There are also commitments to revisit some unfinished business from the previous session:

  • The speech says legislation is coming to amend the Essential Services in Nursing Homes Act to comply with a court ruling that the previous version of the act violated collective bargaining rights. That comes as the province's standoff with the union representing nursing home workers drags on. Higgs said he wants to get the legislation passed before the Christmas break.
  • The government is promising to ensure "immunization requirements will be enforced in the public school and early-learning and child-care systems," but Higgs said the bill will be "a little different" from the version last session, with some kind of process to assess requests for non-medical exemptions.
  • The speech says the Tories are "working to establish a carbon pricing system" through legislation that will "achieve fairness" relative to other Atlantic provinces. Higgs opposes the federal carbon tax but said after the Liberals won the Oct. 21 election that he'd develop a price that complies with federal standards. He told reporters the government has already submitted a proposal to Ottawa.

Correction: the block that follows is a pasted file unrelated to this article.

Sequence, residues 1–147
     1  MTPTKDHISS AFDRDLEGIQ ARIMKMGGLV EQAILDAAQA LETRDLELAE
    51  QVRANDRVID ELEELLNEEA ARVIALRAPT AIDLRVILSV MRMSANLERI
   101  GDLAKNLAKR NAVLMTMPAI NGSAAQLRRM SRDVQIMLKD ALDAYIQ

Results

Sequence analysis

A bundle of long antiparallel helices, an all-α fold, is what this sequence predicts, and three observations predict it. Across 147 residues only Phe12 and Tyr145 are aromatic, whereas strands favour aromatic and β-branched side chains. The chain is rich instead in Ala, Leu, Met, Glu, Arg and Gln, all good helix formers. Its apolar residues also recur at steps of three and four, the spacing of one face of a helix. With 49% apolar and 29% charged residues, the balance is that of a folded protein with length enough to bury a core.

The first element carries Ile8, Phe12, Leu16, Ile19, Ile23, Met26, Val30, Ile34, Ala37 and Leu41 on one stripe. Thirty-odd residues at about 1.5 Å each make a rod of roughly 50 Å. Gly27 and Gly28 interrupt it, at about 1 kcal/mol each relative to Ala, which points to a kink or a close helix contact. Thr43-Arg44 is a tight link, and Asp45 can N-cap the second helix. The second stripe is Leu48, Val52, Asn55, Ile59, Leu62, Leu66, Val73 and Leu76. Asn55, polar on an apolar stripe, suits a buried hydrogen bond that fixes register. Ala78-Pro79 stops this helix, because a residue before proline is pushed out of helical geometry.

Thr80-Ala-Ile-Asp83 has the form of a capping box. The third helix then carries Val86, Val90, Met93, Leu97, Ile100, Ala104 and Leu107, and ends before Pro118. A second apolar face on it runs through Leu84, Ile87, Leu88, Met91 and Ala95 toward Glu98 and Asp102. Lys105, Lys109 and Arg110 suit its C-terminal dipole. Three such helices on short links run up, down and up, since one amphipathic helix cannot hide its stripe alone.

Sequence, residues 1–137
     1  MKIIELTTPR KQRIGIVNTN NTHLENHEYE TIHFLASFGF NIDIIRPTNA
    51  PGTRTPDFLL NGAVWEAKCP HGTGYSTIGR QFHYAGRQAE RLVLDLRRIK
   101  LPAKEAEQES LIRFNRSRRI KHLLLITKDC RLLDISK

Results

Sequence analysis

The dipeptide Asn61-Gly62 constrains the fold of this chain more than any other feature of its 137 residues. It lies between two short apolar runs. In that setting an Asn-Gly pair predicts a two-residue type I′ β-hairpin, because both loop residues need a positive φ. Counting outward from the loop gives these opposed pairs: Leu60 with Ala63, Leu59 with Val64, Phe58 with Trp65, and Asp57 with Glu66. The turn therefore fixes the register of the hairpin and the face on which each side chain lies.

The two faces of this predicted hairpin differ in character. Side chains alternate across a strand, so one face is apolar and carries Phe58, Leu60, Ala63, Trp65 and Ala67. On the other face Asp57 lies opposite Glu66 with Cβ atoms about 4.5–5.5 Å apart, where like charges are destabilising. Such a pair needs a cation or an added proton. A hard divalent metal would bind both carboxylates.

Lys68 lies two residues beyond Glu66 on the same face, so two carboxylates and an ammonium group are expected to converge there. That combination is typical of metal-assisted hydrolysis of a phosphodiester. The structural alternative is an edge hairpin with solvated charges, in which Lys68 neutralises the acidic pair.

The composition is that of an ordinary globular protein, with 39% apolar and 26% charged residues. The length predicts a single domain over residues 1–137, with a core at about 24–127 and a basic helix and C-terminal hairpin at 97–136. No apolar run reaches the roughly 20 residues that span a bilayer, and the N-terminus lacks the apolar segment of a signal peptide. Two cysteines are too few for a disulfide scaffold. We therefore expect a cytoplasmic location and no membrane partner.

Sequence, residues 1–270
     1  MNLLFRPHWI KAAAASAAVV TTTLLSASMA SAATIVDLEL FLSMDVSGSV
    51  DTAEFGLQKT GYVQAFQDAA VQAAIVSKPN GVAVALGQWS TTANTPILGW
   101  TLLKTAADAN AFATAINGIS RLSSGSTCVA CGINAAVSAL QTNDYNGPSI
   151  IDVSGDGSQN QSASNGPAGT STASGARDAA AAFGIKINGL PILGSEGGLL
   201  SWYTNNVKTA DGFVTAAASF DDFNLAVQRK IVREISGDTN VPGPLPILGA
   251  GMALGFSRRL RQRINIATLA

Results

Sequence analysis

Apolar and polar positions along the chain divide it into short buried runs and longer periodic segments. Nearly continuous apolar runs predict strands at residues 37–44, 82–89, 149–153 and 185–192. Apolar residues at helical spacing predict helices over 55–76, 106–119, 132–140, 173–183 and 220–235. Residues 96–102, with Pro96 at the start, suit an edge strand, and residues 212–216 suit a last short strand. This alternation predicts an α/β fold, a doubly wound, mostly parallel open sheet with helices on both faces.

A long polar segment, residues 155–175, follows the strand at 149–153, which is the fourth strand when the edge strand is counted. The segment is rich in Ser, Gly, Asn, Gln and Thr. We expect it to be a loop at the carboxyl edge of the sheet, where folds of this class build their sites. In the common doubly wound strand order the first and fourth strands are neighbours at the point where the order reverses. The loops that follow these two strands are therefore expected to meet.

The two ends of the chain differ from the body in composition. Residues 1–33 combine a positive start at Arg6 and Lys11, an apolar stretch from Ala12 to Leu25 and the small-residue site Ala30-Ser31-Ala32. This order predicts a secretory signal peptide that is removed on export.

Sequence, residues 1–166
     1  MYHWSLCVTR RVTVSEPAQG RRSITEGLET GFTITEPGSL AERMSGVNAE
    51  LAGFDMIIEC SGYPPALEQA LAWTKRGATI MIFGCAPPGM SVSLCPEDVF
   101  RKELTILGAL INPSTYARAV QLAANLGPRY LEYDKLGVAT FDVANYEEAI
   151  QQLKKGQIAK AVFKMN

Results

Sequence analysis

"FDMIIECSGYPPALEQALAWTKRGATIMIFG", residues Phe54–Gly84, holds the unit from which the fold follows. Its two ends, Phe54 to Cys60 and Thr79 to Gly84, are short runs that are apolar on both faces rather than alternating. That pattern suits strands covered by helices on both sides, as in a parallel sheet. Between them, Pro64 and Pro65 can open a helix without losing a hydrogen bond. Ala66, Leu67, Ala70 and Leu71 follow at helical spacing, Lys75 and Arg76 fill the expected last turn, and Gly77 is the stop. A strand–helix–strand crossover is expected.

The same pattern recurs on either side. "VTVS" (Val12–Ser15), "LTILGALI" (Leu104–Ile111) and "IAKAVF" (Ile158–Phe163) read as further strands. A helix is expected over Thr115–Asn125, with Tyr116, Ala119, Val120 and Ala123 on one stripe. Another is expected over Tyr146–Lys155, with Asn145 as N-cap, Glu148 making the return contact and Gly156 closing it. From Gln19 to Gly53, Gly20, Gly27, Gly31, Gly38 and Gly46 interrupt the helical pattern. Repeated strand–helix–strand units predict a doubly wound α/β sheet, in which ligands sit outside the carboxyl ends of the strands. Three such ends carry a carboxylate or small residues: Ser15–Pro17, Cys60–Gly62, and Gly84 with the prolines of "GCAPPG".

• There's also a commitment to appoint a new official languages commissioner and a new integrity commissioner, two positions that became vacant during the last session. The government was legally required to have a permanent languages commissioner in place by July but failed to appoint someone in time, leaving an interim commissioner in place.

Hundreds of protesters

A few hundred people gathered on the lawn of the legislature for the opening of the new session Tuesday to voice concerns on a variety of issues, including problems facing small farmers, access to abortions in the province, and the use of the controversial herbicide glyphosate.

Farmers brought chickens with them to protest against legislation that limits non-quota holders to 199 laying hens. Only 16 farms in New Brunswick hold the quota and are allowed to sell eggs.

Chickens milled about the lawn of the legislature Tuesday, overseen by farmers protesting against legislation they say targets them. (CBC)

Other farms that want to sell eggs must stay under the 199 limit, which they argue isn't enough to cover the costs of production. 

Abortion rights activists demonstrated over the impending closure of Clinic 554 in Fredericton. It is New Brunswick's only privately funded abortion clinic.

And a group of conservationists rallied in support of former Maritime College of Forest Technology instructor Rod Cumberland.

Rod Cumberland's supporters are calling for an investigation into the Maritime College of Forest Technology's decision to dismiss him. (CBC)

They allege Cumberland was fired because of his opposition to glyphosate spraying, not for misconduct, as the college has said.